While Europe has been paying attention to how much food it wastes for a few months now, it’s taken a while for the issue to come up on the mainstream media’s radar over here.

But yesterday’s New York Times changed that with “One Country’s Table Scraps, Another Country’s Meal,” a piece that explores both our shameful statistics (we waste nearly 30 percent of all available food—or at least we did in 1997, the last year a comprehensive food-waste study was done in this country) as well as programs that are trying to address it (food-recovery organizations; San Francisco’s citywide compost-collection service).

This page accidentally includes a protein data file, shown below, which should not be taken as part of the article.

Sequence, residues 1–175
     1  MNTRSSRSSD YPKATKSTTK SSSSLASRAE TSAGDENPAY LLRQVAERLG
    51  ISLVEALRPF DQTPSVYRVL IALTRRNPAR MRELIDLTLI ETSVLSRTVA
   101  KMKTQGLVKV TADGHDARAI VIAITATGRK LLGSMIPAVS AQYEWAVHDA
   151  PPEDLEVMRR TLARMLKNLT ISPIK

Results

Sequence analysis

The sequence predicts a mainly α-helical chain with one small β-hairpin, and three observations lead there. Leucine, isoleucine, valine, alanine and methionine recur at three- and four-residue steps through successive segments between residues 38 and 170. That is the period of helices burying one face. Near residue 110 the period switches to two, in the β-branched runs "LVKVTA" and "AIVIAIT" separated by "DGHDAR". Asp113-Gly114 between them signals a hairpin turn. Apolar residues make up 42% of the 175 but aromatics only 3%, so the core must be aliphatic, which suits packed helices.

Unlike Great Britain, which launched a national campaign to curtail food waste among its citizens, efforts here are piecemeal and neither funded nor particularly supported by the U.S. government. The article notes that the last major food-waste campaign, started under Bill Clinton, was killed by the Bush administration. Will the rising costs of food make us all more conscious of how much we waste? Jonathan Bloom, of the Wasted Food blog, says in the Times piece, “The fundamental thing that I’m fighting against is, ‘why should I care? I paid for it.’ The rising prices are really an answer to that.”

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